Votes For Women 100th Anniversary 1000pc

Mary Evans Picture Library

Tuesday 6th of February 2018 marked the 100th anniversary of the Representation of the People Act 1918, the act that allowed women to vote in elections. This was a momentous achievement for the suffragettes who had campaigned for decades, and is seen as the first step that Britain took to ensure women’s voices were heard.

We still have a long way to go to win equality for all races and genders, but this jigsaw puzzle celebrates the courage and bravery of the women who dedicated their lives to the cause.

The First World War had a huge impact on the movement as it provided the first opportunity for women to take on traditional male jobs. Women's contribution to the war effort challenged the notion of their physical and mental inferiority and made it more difficult to maintain that women were, both by constitution and temperament, unfit to vote. If women could work in munitions factories, it seemed both ungrateful and illogical to deny them a place in the polling booth. But the vote was much more than simply a reward for war work; women's participation in the war helped to dispel the fears that surrounded women's entry into the public arena. The vote for women was part of a gradual improvement in women's rights throughout the 19th century, with national and international organisations forming to coordinate efforts to gain voting rights, especially the International Woman Suffrage Alliance (founded in 1904, in Berlin). Between 1906 and 1914, more than 1,300 suffragette women were arrested and many went on to be jailed, including the leader Emmeline Pankhurst. The movement also campaigned for the right to divorce a husband, the right to education, and the right to have a job such as a doctor.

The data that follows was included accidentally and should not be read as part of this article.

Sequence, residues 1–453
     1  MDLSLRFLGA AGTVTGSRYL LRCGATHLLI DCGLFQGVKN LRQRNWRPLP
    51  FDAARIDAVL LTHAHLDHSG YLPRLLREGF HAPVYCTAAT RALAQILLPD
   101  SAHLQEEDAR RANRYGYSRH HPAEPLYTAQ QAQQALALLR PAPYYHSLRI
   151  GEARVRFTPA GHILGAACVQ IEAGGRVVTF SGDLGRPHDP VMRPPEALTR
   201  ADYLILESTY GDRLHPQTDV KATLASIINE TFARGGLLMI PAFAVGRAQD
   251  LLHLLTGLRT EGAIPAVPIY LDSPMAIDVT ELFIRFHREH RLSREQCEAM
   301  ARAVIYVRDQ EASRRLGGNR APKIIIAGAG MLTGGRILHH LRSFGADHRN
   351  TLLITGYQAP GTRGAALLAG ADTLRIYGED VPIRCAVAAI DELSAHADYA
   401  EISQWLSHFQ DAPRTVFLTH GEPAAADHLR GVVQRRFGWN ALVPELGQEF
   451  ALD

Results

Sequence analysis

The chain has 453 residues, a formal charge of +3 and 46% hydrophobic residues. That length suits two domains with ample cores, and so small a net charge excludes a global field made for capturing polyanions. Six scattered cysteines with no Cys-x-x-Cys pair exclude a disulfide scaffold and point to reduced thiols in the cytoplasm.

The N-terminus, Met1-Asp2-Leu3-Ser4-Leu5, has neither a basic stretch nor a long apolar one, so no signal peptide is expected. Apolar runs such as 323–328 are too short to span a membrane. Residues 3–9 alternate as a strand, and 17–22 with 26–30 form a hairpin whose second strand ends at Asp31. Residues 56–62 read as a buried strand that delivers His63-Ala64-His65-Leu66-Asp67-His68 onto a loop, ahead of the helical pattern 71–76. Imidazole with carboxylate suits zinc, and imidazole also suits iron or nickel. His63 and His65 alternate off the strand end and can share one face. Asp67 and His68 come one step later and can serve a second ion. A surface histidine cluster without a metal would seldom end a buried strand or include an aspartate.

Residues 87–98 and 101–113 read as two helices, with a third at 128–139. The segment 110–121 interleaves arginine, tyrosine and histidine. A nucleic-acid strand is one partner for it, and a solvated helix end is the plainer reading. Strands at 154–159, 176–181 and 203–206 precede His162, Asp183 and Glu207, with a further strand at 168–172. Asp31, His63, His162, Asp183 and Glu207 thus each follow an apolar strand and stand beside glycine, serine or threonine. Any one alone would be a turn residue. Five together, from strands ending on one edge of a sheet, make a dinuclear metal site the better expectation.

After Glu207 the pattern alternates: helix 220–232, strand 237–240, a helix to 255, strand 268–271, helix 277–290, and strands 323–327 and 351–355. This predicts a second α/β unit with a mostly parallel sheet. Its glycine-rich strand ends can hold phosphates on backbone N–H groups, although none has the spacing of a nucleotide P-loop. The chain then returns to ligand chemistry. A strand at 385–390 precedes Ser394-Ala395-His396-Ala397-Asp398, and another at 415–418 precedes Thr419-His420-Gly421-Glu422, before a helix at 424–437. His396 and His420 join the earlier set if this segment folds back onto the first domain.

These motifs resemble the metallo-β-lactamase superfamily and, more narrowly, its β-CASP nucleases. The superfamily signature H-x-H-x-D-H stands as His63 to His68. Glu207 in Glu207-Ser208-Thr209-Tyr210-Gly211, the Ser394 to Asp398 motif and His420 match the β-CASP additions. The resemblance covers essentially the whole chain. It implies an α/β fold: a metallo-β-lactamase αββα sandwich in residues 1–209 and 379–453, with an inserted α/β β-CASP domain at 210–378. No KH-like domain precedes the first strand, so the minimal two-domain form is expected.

Many women, however, saw the vote as the vital achievement that would give them a say in the laws affecting their lives. Their fight was justified when on February 6, 1918, the Representation of the People Act passed, allowing women over 30 with certain property qualifications to vote and later in 1921, when women over the age of 21 – the same age as for men – were permitted to stand for election as an MP.

As with all Gibsons jigsaws, the pieces are made from the highest quality 100% recycled board and are therefore a pleasure to work with again and again.

Details

High quality 1000 piece jigsaw puzzle.
Puzzle size 49x68cm when complete.
Made from thick, durable puzzle board that is 100% recycled.
Designed and manufactured in the UK.

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Artist Profile

Mary Evans Picture Library

Mary Evans Picture Library licences images for commercial use in books, newspapers, magazines, adverts, web sites and all manner of other media.

Their images cover a broad range of topics and subject areas which, although coming under the umbrella classification of history, in fact extend far beyond most people's perception of historical pictures.

Their material has traditionally been used in an editorial context to illustrate news stories, magazine articles and the like, but today it is increasingly sought by creatives looking for different and stimulating imagery around which to base advertising campaigns or commercial design projects.

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